Women of calling: Mangyan learners, worthy of dedication

By Stephanie Sevillano

March 13, 2023, 8:34 pm

<p><strong>IRAYA MANGYAN LEARNERS</strong>. Iraya Mangyan learners watch the visual presentation in a classroom in Occidental Mindoro province in this pre-pandemic undated photo. The Indigenous Peoples Education teachers said Iraya Mangyan learners are very eager to learn despite challenges in resources.<em> (Photo courtesy of Divina Casison)</em></p>

IRAYA MANGYAN LEARNERS. Iraya Mangyan learners watch the visual presentation in a classroom in Occidental Mindoro province in this pre-pandemic undated photo. The Indigenous Peoples Education teachers said Iraya Mangyan learners are very eager to learn despite challenges in resources. (Photo courtesy of Divina Casison)

MANILA – Many have excelled to thrive in greater career milestones but for some, genuine empowerment comes in setting aside recognition and promotion to uplift the marginalized sector.

This disposition is not only a gesture but also a matter of lifestyle for two teachers who have decided to reach out to the Iraya Mangyan tribe in Occidental Mindoro province.

In an interview with the Philippine News Agency, Divina Christy Casison, 44, said she has spent almost 15 years teaching Iraya learners at the Cabacao Elementary School-Mamara extension in the town of Abra de Ilog.

Nag-ALS po ako, tinuruan ko po ‘yung mga elders. 'Yun po talaga, nag-two sessions po ako. Binukod ko po ‘yung mga elders at young ones (I did alternative learning system (ALS), I taught the elders. That's it, I conducted two sessions. I separated the elders and the young ones)," she said.

Casison narrated how Mangyan elders expressed their gratitude, noting that education has helped improve their exercise of voting.

But to effectively realize learning objectives, Casison said they are localizing the programs of the Department of Education (DepEd) appropriate to the Mangyan culture.

“The teachers must always be flexible. That's why the localization (and) indigenization are there which are dependent on the learners' interest so they can cope with the discussed learning competencies,” she said in mixed English and Filipino.

Casison said an average number of 18 learners of different ages come to school to hear their lessons nowadays.

However, teachers have observed through time that the younger generation of learners is no longer eloquent in the Iraya language.

Like Casison, Lily Ysit, 40, a senior teacher at Cabacao Elementary School-Banabaan Extension, underscored the cooperation with Mangyan elders to achieve target learning outcomes.

"'Yan po ang tinututukan ngayon ng Department of Education dito na kailangan muna pong i-ano ‘yung mga elders, kumbaga magkaroon po ng pagsama-sama para maging kaagapay po naming mga guro para ma-implement ‘yung curriculum para sa kanila (That's the focus of the Department of Education here, that we need to talk with the elders, so that we can have a collaboration with them as our support group," Ysit told the Philippine News Agency.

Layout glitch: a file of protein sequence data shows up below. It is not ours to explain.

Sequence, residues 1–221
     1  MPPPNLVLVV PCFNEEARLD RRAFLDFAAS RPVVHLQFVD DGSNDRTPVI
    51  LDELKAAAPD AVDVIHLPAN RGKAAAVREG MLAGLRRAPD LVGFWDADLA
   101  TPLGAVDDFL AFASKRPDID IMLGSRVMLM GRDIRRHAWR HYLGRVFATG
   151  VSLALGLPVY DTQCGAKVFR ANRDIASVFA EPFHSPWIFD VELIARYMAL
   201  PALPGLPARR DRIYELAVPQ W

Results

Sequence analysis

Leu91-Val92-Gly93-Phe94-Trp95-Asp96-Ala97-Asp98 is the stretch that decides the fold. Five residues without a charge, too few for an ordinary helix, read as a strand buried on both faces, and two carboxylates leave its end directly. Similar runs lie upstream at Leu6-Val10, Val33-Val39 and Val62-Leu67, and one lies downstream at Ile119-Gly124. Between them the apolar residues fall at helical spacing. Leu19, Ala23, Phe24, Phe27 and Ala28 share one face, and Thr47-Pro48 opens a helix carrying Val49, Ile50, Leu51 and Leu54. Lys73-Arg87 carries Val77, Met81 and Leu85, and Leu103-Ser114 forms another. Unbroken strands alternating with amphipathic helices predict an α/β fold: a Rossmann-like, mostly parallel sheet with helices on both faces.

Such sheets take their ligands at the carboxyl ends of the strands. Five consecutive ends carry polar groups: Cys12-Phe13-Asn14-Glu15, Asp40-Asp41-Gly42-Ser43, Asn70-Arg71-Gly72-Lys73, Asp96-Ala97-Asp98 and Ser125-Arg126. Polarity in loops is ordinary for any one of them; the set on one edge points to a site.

Ysit said young learners opt to use Tagalog as a medium of instruction.

Mismong mga bata po, hindi po nila alam ‘yung kanilang sariling wika dahil naimpluwensyahan na po sila ng mga Tagalog (The children themselves do not know their own language as they are influenced by Tagalog),” she added.

Ysit insisted the DepEd thus needs to coordinate closely with Mangyan elders.

These struggles require their double effort considering the impact of an almost three-year learning halt due to the coronavirus disease 2019 (Covid-19) pandemic.

Hounding challenges

Besides challenges to the teaching-learning process, the two Indigenous Peoples Education (IPEd) teachers expressed hounding challenges among learners within their area of assignment.

In tears, Casison cannot help but recall times when some of the learners were not able to eat adequate food in school.

Divina Christy Casison, an IPEd teacher, voluntarily prepares food with her fellow teachers for Iraya Mangyan learners in this undated photo (Photo courtesy of Divina Casison)

Sobra kasing nararamdaman ko ‘yun ma’am, although may mga bata na nakakakain. Minsan may bigas. But most of the time talaga is ‘yung balinghoy or nami na sinasabi nila. So pagdating ng tanghali, wala na po talaga (I really feel [sad] ma’am, although some of the kids can eat. Sometimes they have rice. But most of the time, (they are eating) cassava. So when lunch time comes, there’s no more left to eat),” she said.

Kaya kaming mga teacher, kung ano ‘yung kaya naming bitbitin, totoong buhay po ‘yan na wala naman na sa budget ay talagang ginagawa po namin ‘yun (That’s why we, as teachers, whatever (food) we can bring, that’s true-to-life, even though it’s beyond our budget, we’re really doing it),” she added.

Inevitable seasons also come when learners tend to set aside schooldays to help provide for their families' needs.

Casison cited corn harvest in Occidental Mindoro as it peaks every month of March.